"Pilgrim and Sojourner." - 1 Peter 2:11
| Iran's House Church Movement Witnessing 'Astounding' Growth; Hundreds Being Baptized|
The underground church movement in Iran is growing despite the regime's crackdown on Christians. Hundreds are being baptized in large ceremonies and people are praising Jesus for saving them from despair and suicide, according to Christian ministries working in the region.
Elam Ministries reported earlier this week that more than 200 Iranians and Afghans were baptized in a large service just outside the Islamic Republic of Iran, with eight different Persian-speaking churches attending.
The group said that 20 years ago, estimates put the number of believers in Iran at only 2,000–5,000 people, but new statistics are saying there could be anywhere between 300,000 to 1 million Christians in the country.
William Stark, International Christian Concern's Regional Manager for South Asia, responded to the report by telling The Christian Post that there have indeed been a number of indicators showing that the Christian faith has been growing in Iran.
"According to our contacts in Iran, the house church movement is seeing astounding growth. This is despite the intense persecution the house church movement faces from the government," Stark told CP.
"In fact, the Ayatollah in Iran has repeatedly warned against the house church movement, saying that it 'threatens the Islamic faith and deceives young Muslims.' The government has even dubbed evangelical Christians in Iran as a threat to national security because they are perceived to be backed by 'enemies' abroad," he added.
The ICC Regional Manager said that the watchdog group is particularity concerned over persecution that Muslim converts to Christianity face, as while the crime of apostasy has not officially been codified, new Christians often face heavy oppression.
"Still, in the face of this persecution, the Church is continuing to grow, which is something that should give people hope," Stark noted.
Other observers, such as Elam Ministries' Mark Howard, said in an interview with Mohabat News that his organization has been feeling a definite momentum when it comes to the rise of Christianity in Iran in recent years.
"We see incredible opportunity," Howard said, "reaching Persian speaking refugees in Europe, planting churches in Iran — people are so open right now."
"Every day we have many coming to the Lord. If you give a starving person food and water they will want to share it. That's what they find in Jesus. They are so hungry and thirsty for the truth. They are experiencing it in a powerful way. When they do they want to share it with others," he continued.
He listed several possible factors for the growth of house churches, such as disillusionment with the Iranian regime, given that the quality of life is not improving, and they're also disillusioned with Islam, pointing to the violence committed by radical Islamists.
Some of the newly baptized Christians have thanked God for saving them from deep despair, with one new believer, who wasn't named, revealing that he had been suicidal before Christ gave him hope.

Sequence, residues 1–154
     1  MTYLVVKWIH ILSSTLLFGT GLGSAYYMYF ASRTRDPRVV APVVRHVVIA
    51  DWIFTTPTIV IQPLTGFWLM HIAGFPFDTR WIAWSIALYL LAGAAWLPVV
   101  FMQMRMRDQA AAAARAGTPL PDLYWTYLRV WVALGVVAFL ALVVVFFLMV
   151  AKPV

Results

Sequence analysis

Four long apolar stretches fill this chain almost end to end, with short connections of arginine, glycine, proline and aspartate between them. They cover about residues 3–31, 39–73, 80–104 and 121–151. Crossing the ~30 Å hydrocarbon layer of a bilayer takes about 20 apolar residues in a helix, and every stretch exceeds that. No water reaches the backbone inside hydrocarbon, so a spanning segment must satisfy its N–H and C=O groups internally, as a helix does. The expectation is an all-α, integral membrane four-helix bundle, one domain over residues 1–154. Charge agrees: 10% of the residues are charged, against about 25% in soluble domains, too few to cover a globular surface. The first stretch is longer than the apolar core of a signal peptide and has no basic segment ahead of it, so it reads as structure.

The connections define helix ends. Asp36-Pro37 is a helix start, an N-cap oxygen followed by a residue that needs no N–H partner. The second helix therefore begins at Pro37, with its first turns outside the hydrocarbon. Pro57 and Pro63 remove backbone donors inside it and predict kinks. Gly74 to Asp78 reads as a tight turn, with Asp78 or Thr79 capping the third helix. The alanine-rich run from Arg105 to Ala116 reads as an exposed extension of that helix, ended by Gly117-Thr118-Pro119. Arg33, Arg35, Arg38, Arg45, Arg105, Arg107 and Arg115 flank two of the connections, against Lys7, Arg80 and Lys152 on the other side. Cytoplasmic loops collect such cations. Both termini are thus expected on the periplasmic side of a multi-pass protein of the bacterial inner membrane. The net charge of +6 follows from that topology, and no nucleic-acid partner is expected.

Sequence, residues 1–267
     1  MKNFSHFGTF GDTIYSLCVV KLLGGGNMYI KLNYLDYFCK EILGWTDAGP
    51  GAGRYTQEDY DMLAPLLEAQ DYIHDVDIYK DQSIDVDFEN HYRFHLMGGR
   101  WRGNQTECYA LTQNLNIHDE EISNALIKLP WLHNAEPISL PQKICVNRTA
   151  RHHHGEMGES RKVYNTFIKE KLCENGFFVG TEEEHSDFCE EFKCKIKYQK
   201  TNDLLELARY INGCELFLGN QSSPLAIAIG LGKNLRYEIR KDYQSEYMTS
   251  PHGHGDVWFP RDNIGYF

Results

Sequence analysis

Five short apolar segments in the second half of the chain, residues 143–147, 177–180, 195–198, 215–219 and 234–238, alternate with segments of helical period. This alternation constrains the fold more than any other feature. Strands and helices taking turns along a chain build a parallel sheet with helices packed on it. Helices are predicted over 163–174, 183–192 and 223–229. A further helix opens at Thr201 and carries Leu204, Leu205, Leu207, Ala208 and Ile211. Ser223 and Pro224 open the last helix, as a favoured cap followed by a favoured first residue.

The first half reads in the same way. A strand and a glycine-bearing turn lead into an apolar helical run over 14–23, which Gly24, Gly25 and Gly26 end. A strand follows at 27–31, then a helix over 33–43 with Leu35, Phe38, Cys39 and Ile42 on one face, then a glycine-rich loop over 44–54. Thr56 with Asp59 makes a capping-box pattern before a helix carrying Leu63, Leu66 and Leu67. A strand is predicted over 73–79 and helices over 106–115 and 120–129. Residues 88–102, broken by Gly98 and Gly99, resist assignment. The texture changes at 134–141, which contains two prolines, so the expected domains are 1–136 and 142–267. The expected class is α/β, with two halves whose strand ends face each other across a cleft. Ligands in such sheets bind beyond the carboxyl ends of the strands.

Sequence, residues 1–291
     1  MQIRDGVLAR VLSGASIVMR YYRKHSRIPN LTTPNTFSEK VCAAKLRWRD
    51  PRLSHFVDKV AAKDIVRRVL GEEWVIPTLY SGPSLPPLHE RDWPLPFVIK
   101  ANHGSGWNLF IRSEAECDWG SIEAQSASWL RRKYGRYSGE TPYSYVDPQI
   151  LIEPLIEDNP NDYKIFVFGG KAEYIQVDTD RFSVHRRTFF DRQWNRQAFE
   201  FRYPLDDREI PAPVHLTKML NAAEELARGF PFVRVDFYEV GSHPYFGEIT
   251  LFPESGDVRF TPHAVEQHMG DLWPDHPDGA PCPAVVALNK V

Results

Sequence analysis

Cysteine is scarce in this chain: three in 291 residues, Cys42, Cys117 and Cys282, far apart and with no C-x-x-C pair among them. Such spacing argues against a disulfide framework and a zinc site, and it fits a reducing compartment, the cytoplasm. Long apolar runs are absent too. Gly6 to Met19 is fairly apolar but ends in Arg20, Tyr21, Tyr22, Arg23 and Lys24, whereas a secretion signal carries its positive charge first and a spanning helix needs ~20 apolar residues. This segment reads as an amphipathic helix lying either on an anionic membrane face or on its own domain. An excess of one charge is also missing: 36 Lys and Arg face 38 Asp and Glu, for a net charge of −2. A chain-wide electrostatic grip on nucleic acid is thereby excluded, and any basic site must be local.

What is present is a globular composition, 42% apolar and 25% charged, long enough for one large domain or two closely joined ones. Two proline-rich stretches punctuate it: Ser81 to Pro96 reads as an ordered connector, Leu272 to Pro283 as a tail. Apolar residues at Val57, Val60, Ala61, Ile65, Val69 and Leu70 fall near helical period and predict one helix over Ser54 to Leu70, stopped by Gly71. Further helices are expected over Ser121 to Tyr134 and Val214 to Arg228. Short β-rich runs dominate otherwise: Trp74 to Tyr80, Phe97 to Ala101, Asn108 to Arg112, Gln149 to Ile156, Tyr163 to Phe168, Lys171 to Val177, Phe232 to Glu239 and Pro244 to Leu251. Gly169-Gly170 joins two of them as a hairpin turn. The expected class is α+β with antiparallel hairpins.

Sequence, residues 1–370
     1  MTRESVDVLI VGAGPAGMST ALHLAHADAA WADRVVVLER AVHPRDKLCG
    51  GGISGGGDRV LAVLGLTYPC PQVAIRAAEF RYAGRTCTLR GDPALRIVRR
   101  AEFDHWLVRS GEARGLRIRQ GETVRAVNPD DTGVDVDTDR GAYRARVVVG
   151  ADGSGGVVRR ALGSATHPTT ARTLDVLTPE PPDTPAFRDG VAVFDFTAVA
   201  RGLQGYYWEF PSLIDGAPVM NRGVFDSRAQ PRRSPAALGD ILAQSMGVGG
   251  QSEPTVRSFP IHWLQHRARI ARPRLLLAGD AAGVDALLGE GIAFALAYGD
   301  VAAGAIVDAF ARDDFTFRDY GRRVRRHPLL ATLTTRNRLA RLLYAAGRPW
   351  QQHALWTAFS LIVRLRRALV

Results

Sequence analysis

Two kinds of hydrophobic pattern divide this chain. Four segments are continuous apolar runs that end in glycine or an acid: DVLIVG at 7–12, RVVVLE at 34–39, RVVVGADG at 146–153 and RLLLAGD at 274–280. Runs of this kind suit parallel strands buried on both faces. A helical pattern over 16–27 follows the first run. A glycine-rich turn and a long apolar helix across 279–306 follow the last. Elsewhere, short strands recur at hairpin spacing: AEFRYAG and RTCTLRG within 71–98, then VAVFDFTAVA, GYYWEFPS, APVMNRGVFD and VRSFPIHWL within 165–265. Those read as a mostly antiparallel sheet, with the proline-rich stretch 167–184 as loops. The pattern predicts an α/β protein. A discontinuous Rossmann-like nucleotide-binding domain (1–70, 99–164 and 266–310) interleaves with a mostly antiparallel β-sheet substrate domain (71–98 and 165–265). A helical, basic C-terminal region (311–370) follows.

"I never thought I would find freedom from my past, but Jesus has set me free," the believer said.
Notable Christians who have suffered for their faith, such as Iranian-American Pastor Saeed Abedini, have predicted major positive shifts for those who put their faith in Jesus Christ.
Abedini, who spent three and a half years in jail in Iran before being released as a hostage, told 100,000 people in Paris at the National Council of Resistance of Iran rally in July that the "resurrection of the Iranian people" is coming soon.
"My presence here proves that each act of resistance will be a victory. A victory for freedom. The message of God in the Bible says that we should resist the face of tyranny," the pastor told the crowd.
"We will soon see this rebellion in our country, in our hearts, and in our world, because Jesus Christ is bringing this message," he added.
SI Moderator - Greg Gordon
| 2016/11/16 13:32||Profile|
| Re: Iran's House Church Movement Witnessing 'Astounding' Growth; Hundr|
Praise Our Mighty God!!!
This morning I was reading in Galatians:
For in Christ Jesus neither circumcision avails anything, nor uncircumcision, but a new creature. (6:15)
What glorious times we live in that we see the children of Hagar grafted in!
What wondrous love is this? That song comes to mind:
To God and to the Lamb, I will sing, I will sing
to God and to the Lamb, I will sing
to God and to the lamb who is the great I am
While millions join the theme
I will sing, I will sing
While millions join the theme I will sing!
| 2016/11/16 13:57||Profile|
| Re: Gospel Coalition Article About Church Growth in Iran|
Current Events / Mark Howard
The Story of Iran’s Church in Two Sentences
July 30, 2016
Everyone loves a good story. As Christians, we especially love stories that tell us how, when all seems lost, God makes a way.
One such story is about the church in Iran—and it’s one of the greatest stories in the world today.
It’s a simple story that can be summarized in just two sentences: Persecution threatened to wipe out Iran’s tiny church. Instead, the church in Iran has become the fastest growing in the world, and it is influencing the region for Christ.
As simple as it is, such an amazing story is worth examining deeper.
Growth Amid Persecution